Review: Lovesick at Cinematheque

Before I get into review-mode, just wanted to mention that Lovesick was sold out last night! I find there’s usually no need to pre-buy tickets at Cinematheque, but I put my name on the waiting list and thankfully got in.

Lovesick-790x444.jpg


Lovesick, directed by Tyson Caron, is a classic rom-com tale about a man trying to get over his ex. But, it takes place in Winnipeg! And I don’t just mean you can occasionally recognize a Winnipeg landmark, it really embraces it’s location.

Caron called the film a “love letter to Winnipeg” and it shows. First, it makes Winnipeg look beautiful. Imagine all those Instagram accounts that focus on Winnipeg, but filmic. Second, it’s not afraid of name dropping, from naming Winnipeg itself to flashing Wolseley signs. Near the end of the film, a character says “still in Winnipeg”, like we needed one last reminder. The film is also just well shot in general, nothing experimental but there were a couple mirror shots I liked in particular.

NEP1968662.jpg
Recognize the Alt Hotel way in the distance?

I found myself thinking a few times, “Would I like this if it wasn’t so Winnipeg-centric.” Truthfully, I probably wouldn’t like it nearly as much, but the film still has some great parts.

The protagonist’s character, played by Jacob Tierney is nicely formed and surely relatable. Dash is cheeky, artsy, and for the most part of the film, mopey. He very hipster with his precisely organized records collection. His profession, painter, is a bit idealistic, but leads to some funny scary sex dream inspired paintings.

My favourite acting performance was Ali Tataryn, who plays Dash’s new love interest, Nora. Her reaction facial expressions were emotionally heavy and she was able to convincingly deliver lines that could have easily turned cliche.

lovesick-official-trailer-16396-300x226.jpg
Dash and Nora

Some of the humour lands better than others, but I laughed out loud a few times, so overall enjoyable.

There were definitely some rom-com tropes like date montages and convenient time jumps. But other scenes involving sex, drugs and depression didn’t feel as trite.

The soundtrack is definitely a highlight (though will depend on your music tastes). It’s originally composed by Matthew Schellenberg, a member of the Winnipeg  band Royal Canoe. One song, Exit Interview, is sung my John K. Samson, lead singer of the Weakerthans, which further complements the all-things-Winnipeg vibe. Listen to some of the soundtrack here.

It’s definitely fun to recognize our own city in the film, including the Tallest Poppy, back mural of Deer + Almond, the Peasant Cookery, the view from Forks market, the polar bears at the zoo, and even the legislative building.

I think a frequent problem with rom-coms is they are too generic, because they’re trying to appeal to a wide range of people. Generic characters, generic plot, generic city, generic quirks, and generic activities. To a degree, Lovesick overcomes this by picking a setting and really rolling with it, the type of people who live in it, and the things they do there.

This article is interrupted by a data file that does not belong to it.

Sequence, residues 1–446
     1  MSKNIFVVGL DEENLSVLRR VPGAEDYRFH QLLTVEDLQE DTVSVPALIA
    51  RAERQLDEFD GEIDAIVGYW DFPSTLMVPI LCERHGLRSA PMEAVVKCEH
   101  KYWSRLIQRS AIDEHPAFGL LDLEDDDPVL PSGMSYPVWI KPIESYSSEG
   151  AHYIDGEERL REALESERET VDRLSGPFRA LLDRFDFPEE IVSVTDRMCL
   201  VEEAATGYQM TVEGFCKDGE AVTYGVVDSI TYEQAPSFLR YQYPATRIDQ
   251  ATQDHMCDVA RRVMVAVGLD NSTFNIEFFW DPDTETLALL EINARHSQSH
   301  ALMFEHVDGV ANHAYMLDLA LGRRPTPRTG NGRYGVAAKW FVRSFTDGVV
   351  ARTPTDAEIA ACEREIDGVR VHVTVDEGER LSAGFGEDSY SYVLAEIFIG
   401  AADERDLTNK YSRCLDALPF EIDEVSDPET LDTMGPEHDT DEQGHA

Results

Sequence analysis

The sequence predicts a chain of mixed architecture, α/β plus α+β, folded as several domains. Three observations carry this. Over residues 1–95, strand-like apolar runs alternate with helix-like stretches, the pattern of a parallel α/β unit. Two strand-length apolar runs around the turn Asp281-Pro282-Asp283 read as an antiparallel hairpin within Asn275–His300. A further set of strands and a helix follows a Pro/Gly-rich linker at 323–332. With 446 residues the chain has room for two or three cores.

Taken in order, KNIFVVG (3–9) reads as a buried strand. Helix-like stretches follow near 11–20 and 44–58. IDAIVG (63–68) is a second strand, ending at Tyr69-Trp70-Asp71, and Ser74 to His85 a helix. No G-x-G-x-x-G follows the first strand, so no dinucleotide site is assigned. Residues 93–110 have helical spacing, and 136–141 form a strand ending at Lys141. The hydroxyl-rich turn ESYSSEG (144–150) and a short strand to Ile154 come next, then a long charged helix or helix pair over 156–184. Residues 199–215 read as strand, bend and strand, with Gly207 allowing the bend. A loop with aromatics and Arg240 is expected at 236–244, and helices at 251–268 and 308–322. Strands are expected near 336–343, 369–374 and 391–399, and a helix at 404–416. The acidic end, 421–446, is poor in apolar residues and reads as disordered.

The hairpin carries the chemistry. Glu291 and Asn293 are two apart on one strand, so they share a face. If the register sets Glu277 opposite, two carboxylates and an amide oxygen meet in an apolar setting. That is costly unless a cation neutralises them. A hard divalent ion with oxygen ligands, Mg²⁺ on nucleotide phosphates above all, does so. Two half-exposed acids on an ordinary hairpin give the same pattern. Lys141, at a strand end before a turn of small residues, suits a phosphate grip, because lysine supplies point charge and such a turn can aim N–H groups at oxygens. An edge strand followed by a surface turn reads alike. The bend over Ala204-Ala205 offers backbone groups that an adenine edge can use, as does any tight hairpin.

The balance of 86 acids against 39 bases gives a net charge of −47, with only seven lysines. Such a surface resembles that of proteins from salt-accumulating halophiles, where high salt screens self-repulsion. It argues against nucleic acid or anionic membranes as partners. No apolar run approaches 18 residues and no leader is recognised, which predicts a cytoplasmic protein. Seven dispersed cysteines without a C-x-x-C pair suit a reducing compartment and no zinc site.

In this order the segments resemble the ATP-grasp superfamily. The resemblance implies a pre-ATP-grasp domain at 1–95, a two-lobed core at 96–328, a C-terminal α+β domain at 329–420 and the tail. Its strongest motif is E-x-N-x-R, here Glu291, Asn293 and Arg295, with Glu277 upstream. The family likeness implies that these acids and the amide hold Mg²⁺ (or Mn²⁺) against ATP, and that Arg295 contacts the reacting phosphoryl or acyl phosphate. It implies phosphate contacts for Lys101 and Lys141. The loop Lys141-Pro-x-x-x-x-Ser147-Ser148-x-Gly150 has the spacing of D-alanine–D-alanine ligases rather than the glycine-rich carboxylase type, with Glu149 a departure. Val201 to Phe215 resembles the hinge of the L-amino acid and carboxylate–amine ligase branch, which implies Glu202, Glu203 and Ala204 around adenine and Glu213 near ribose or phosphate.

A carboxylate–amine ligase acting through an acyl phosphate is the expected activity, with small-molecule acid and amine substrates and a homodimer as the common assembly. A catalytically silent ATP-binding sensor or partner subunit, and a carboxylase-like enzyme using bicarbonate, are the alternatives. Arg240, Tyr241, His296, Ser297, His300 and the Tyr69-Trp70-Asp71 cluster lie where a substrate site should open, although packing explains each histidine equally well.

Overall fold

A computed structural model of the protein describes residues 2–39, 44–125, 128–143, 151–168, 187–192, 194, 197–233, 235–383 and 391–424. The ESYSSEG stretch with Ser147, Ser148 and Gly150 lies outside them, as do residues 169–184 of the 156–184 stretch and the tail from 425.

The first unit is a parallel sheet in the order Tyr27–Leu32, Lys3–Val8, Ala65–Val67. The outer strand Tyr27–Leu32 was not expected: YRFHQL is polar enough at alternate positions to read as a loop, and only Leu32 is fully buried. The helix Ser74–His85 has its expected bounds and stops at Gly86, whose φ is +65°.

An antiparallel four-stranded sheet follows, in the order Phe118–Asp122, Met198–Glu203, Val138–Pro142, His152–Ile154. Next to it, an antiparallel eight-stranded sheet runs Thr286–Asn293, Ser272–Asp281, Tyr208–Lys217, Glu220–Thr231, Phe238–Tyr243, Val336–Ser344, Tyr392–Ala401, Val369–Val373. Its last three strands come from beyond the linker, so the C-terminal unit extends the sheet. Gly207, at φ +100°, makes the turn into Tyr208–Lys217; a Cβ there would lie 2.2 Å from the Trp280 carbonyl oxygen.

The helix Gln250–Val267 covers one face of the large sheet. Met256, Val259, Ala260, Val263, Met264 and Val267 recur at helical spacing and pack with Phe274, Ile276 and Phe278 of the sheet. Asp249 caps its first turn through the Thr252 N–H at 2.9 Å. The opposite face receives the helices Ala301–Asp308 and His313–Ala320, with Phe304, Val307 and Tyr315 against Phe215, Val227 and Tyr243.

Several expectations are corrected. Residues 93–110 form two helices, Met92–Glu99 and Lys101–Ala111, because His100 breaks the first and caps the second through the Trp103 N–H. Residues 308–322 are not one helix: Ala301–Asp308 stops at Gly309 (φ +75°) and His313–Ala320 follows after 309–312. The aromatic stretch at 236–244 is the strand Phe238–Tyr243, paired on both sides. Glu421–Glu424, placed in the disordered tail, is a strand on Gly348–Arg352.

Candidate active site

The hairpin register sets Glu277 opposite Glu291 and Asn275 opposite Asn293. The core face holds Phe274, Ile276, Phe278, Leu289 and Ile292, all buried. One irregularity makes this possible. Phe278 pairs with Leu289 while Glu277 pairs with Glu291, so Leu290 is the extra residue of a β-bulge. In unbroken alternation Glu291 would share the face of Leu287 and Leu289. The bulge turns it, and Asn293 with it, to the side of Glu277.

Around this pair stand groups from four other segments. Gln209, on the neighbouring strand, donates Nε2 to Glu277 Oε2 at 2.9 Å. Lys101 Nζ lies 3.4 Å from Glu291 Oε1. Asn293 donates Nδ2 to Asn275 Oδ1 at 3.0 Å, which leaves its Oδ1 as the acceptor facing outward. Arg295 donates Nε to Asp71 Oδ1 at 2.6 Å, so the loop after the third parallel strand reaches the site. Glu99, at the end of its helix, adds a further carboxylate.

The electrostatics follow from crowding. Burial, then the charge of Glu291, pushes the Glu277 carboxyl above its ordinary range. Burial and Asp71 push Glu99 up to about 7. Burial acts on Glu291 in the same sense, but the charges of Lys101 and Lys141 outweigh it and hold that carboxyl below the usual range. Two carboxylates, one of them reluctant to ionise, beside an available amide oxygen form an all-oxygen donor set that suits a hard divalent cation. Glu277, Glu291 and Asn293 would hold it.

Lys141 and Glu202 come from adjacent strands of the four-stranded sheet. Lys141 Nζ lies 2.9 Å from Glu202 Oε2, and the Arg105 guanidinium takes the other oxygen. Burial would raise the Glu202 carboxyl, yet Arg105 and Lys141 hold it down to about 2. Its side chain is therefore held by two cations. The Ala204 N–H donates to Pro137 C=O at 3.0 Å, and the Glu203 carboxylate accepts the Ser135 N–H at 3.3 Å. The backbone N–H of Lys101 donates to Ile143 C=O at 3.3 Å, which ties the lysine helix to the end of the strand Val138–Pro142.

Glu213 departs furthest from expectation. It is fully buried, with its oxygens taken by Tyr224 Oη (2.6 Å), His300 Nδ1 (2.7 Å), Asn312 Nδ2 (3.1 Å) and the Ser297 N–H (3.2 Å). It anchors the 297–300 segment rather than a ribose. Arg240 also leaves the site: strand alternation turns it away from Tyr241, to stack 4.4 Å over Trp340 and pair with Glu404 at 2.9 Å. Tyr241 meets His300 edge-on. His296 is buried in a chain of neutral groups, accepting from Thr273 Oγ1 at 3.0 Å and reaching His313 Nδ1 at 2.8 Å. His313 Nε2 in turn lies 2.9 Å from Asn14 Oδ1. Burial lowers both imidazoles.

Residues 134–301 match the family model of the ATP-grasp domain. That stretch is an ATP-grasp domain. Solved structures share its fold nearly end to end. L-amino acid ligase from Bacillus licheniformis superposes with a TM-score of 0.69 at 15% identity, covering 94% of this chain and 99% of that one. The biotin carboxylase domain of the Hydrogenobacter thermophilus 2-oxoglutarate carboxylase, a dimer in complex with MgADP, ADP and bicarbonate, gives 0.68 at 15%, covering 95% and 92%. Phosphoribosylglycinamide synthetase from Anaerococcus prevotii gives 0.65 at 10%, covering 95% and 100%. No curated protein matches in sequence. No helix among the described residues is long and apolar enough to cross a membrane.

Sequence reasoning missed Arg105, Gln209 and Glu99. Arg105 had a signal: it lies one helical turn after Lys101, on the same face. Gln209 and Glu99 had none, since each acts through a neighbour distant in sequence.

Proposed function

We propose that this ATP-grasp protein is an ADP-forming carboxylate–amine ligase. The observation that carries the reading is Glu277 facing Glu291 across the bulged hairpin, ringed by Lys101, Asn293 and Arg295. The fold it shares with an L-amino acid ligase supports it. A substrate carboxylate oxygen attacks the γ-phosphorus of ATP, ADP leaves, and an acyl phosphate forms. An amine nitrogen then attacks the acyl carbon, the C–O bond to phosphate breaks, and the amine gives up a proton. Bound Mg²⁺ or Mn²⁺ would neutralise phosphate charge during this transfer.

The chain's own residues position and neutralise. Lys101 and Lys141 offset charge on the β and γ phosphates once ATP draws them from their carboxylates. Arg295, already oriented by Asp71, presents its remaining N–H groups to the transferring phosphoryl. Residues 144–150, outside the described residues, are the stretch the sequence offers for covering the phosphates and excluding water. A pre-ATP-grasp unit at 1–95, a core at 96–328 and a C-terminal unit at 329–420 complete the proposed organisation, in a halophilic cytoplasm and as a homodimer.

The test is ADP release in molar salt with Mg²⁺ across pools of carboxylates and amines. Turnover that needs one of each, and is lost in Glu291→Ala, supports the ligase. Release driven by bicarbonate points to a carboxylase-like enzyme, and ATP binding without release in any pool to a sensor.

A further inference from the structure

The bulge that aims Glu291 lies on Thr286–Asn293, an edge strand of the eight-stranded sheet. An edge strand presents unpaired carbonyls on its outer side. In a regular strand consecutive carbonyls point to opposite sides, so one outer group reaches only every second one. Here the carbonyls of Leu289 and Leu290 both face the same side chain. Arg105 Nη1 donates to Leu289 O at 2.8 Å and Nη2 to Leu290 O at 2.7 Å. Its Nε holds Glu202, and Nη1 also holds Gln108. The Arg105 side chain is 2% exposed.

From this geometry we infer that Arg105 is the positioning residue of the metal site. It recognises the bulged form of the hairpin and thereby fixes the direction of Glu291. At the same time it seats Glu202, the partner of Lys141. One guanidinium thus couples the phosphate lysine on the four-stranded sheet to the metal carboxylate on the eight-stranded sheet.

If you like the occasional rom-com and you’re fond of Winnipeg, Lovesick is a great watch.


There was also a Q&A after the film with director Tyson Caron, producer Kyle Irving, assistant producer and actress Rebecca Gibson, and actress Sara Thompson.

16357618_10154791153471421_1107052516_o.jpg
I was in the back

Their enthusiasm for the film was touching. The audience seemed most impressed with how pretty they made Winnipeg look, and appreciated relatable situations like trying to find your shoes after the party (though I don’t think that’s Winnipeg-specific). The panel mentioned that the scenes with Jay Baruchel, the most famous actor of the bunch, actually had to be filmed in January due to his schedule while the rest of the film was shot during the summer months. Also, they are thinking of selling LPs of the soundtrack, so if you’re a collector like Dash, tweet them or whatever that you’re interested.

I wasn’t assertive enough to get in a question, but I most wanted to ask “was it difficult to get a film made, marketability wise, that’s so Winnipeg focussed?” I want to analyze the marketing strategy of any film that sells out Cinematheque!

Anyway, thanks for reading! Lovesick is playing at Cinematheque until February 5 (I actually go the review out early for once!). Let me know what you think in the comments below 😊 Also here’s the trailer:

Advertisements

2 Comments Add yours

  1. We sold out both shows last night! I think people really are loving that it was shot here and the creators are so passionate!

    Hopefully I can get myself into one of the showings 🙂 Great review, Sara!

    Like

    1. sarabulloch says:

      Thanks! 😀

      Like

Leave a Reply

Fill in your details below or click an icon to log in:

WordPress.com Logo

You are commenting using your WordPress.com account. Log Out / Change )

Twitter picture

You are commenting using your Twitter account. Log Out / Change )

Facebook photo

You are commenting using your Facebook account. Log Out / Change )

Google+ photo

You are commenting using your Google+ account. Log Out / Change )

Connecting to %s